7 marathons in 7 days on 7 continents!

Three Dubai athletes in ‘777 challenge’ will run 295km and raise money to help educate children of poor Bangladeshi families

By Bernd Debusmann Jr. - Senior Reporter

Published: Sat 7 Feb 2015, 9:20 PM

Last updated: Thu 25 Jun 2015, 7:57 PM

An international trio of Dubai-based athletes led by an adventurous former Emirates airline flight attendant is set to run seven marathons in seven days on seven continents to raise money for the education of Bangladeshi children from families too poor to afford school.

RUNNING FOR A CAUSE... “I’ll do anything for my kids,” says Maria (right) who is no stranger to challenges In 2013 she climbed Mount Everest to raise money for the children, and, a few years before, trekked to the North Pole. Briton Saul Keens (left) was told by doctors never to run following a rash of motorcycle injuries, but Maria’s enthusiasm roused him to get involved. — Photo: Bernd Debusmann Jr.

Maria Conceiaco, a Portuguese national, Briton Saul Keens and South African Rosa Areosa will begin their journey in Melbourne, Australia tomorrow before returning to the UAE the next day to run another marathon at Zayed Sports City in Abu Dhabi. The third stage of their “777 challenge,” one of the toughest tests of human endurance, will take them to Paris. Next: Tunis, New York City, and Punta Arenas in Chile.

The final marathon, on February 14, will take place in Antarctica, on King George Island.

The money they raise from donors impressed by their feat will go the Maria Cristina Foundation, an institution Maria founded in 2005 after she learned of the plight of poor Bangladeshi children on a stopover in Dhaka. The foundation, MCF in short, currently has more than 200 students enrolled in a number of Bangladesh schools from kindergarten to twelfth grade.

An accomplished marathoner, Maria is no stranger to physical challenges in other fields. In 2013 she climbed Mount Everest to raise money for the children, and, a few years before, trekked to the North Pole.


LOVE STORY.... Maria is surrounded by the families of the poor children she helped educate. —Supplied photos 

“I’ll do anything for my kids,” Maria says of the challenges. “I started my training in the last week of July. By September I was doing five half-marathons in five days. By October I was doing five marathons consecutively, in five days.”

“By December I was doing 50km each day for seven days.”

Keens, a management and marketing consultant, said he was told by doctors never to run following a rash of motorcycle injuries, but that Maria’s enthusiasm roused him to get involved.

“I have to say, being inspired by this little quiet running machine, I thought why not? I’ll give it a go,” he said, gesturing to Maria.

Besides the obvious physical strain that comes from running seven consecutive marathons, the team will have to deal with a lack of recovery time, lack of proper sleep and the jet lag that comes from travelling across multiple “We’re extremely nervous about it,” Keens said. “We’re probably going to take sleeping mats to sleep whenever we have a chance, wherever there’s a flat floor.”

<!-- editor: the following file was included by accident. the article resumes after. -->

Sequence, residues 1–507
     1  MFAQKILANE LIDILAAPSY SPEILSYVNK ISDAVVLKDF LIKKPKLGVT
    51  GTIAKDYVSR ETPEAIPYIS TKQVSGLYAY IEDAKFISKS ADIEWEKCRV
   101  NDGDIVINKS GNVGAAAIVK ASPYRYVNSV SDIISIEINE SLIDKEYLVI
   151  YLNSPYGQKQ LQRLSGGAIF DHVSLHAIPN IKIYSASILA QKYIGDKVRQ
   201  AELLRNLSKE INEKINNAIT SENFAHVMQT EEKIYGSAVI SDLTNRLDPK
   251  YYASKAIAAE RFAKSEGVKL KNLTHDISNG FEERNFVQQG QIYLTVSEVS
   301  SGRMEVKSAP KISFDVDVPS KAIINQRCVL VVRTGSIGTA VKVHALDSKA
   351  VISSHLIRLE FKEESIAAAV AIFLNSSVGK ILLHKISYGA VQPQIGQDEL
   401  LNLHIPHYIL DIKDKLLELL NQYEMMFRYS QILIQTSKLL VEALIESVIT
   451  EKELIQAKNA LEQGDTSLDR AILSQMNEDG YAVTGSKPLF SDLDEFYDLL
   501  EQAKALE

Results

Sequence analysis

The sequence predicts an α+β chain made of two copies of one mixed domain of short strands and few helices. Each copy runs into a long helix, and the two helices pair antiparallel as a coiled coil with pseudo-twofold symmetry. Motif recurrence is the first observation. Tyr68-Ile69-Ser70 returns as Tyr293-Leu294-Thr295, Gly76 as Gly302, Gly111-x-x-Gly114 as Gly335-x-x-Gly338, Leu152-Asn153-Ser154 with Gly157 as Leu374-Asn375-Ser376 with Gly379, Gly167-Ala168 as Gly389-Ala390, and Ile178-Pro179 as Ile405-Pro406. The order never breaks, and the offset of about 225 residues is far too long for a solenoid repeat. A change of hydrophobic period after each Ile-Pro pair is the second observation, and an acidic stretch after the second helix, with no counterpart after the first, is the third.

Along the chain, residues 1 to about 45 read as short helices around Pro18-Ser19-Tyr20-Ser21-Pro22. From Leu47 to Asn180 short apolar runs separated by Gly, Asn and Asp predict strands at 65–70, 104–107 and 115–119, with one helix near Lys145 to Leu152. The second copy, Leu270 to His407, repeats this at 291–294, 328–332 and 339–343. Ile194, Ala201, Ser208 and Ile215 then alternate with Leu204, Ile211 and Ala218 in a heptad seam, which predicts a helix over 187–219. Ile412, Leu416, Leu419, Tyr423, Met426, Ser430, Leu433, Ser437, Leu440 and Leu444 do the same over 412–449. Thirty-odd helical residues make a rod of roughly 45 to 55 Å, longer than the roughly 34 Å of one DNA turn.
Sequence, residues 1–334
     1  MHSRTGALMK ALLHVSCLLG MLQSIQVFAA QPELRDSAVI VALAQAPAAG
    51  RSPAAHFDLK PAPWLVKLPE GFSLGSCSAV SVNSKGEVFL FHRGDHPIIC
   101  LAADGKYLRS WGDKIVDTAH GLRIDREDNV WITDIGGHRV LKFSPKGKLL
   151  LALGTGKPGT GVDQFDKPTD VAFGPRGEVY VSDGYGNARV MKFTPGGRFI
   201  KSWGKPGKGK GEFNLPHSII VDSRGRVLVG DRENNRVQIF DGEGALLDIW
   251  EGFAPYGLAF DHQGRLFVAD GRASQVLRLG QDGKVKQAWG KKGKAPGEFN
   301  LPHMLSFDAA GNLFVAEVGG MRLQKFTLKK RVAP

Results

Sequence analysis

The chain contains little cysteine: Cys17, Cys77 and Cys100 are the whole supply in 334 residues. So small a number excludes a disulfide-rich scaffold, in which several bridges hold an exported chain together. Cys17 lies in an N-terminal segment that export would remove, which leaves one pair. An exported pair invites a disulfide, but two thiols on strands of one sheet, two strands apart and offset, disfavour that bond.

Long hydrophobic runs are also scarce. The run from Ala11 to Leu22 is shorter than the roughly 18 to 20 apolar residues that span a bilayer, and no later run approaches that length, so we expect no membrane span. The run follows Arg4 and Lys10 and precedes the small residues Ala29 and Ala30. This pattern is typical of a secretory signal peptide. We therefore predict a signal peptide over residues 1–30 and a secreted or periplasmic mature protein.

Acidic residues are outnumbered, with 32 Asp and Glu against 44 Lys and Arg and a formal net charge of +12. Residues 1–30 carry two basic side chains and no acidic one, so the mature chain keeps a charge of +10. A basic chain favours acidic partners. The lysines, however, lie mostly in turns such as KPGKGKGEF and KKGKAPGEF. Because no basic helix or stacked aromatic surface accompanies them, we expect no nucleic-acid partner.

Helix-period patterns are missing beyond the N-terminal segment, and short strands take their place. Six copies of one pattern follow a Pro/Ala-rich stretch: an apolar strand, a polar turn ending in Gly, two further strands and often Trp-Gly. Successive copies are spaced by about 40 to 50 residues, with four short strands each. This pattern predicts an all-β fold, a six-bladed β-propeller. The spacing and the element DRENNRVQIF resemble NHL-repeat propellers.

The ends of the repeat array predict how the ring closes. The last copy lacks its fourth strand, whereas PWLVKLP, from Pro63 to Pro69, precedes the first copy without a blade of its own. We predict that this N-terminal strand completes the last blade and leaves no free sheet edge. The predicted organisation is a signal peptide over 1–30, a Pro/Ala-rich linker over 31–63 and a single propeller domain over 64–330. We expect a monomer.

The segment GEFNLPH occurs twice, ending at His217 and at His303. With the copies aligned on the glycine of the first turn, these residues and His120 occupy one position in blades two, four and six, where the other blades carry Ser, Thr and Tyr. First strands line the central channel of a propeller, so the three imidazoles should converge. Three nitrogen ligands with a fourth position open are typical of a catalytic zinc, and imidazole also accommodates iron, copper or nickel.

“We’re flying economy class,” Maria noted. “Some people are under the impression we’re flying business class. But I’m a humanitarian. Even if I had the money, I’d prefer to send kids to school with that.”

The MCF also supports an adult training programme for the families of the children they are putting through school. Maria explains why: “child labour is cheaper than adult labour. If I take a child and put him in school, the father loses his income. He cannot buy food. He cannot pay the rent. So I had to make it up to them.”

Several of the children — and their fathers — have gone on to work with Emirates after passing the airline’s application process.

PRACTICE MAKES PERFECT... Maria, who started training for the marathons in July, gets into shape in Dhaka, Bangladesh. 

“Emirates only promised an interview,” Keens points out. “The ones that are working now, with Emirates, are doing so well compared to how they would in Dhaka. They are supporting their friends, families and communities.”

One adult, working with Emirates as a wheelchair attendant, made enough money from tips to build a school of his own in Bangladesh.

“He started a school for 23 children in his village. Now he has 59. Only from his tips,” Maria said.

MCF estimates that the monthly salary of a wheelchair attendant in Dubai is 30 times the wage of a factory worker in Bangladesh. Emirates cargo handlers make 50 times more.

“Basically, they become very rich in their little community,” Maria said.

“But it’s good,” Ken added. “It inspires the others, the ones in school, to push harder.”

Keens said the accomplishments of their alumni show what people can do if properly motivated and given opportunities.

“The ethos of the foundation is ‘aim high’,” he said. “Commit yourself and don’t give up.”

Maria said that the children are all the motivation she needs to continue undertaking physical challenges such as the 777.

“If I do it, maybe, just maybe, someone will come forward and give me the money for a child to get to school,” she said. “When I have my pains, and I think to myself that I can’t do it, I just think to myself that for it’s maybe only two more hours I have to suffer muscular pain,”

“But if I don’t do it, for my kids, then it will be a lifetime of suffering and poverty.”


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